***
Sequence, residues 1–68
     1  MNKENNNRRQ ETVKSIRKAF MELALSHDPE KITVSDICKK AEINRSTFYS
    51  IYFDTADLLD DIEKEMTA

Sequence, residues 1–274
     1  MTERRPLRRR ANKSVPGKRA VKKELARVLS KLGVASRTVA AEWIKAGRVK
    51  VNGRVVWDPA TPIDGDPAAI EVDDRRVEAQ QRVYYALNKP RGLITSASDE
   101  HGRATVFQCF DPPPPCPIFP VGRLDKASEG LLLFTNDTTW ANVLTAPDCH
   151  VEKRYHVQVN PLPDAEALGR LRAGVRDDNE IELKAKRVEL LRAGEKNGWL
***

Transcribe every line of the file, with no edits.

Sequence, residues 1–68
     1  MNKENNNRRQ ETVKSIRKAF MELALSHDPE KITVSDICKK AEINRSTFYS
    51  IYFDTADLLD DIEKEMTA

Sequence, residues 1–274
     1  MTERRPLRRR ANKSVPGKRA VKKELARVLS KLGVASRTVA AEWIKAGRVK
    51  VNGRVVWDPA TPIDGDPAAI EVDDRRVEAQ QRVYYALNKP RGLITSASDE
   101  HGRATVFQCF DPPPPCPIFP VGRLDKASEG LLLFTNDTTW ANVLTAPDCH
   151  VEKRYHVQVN PLPDAEALGR LRAGVRDDNE IELKAKRVEL LRAGEKNGWL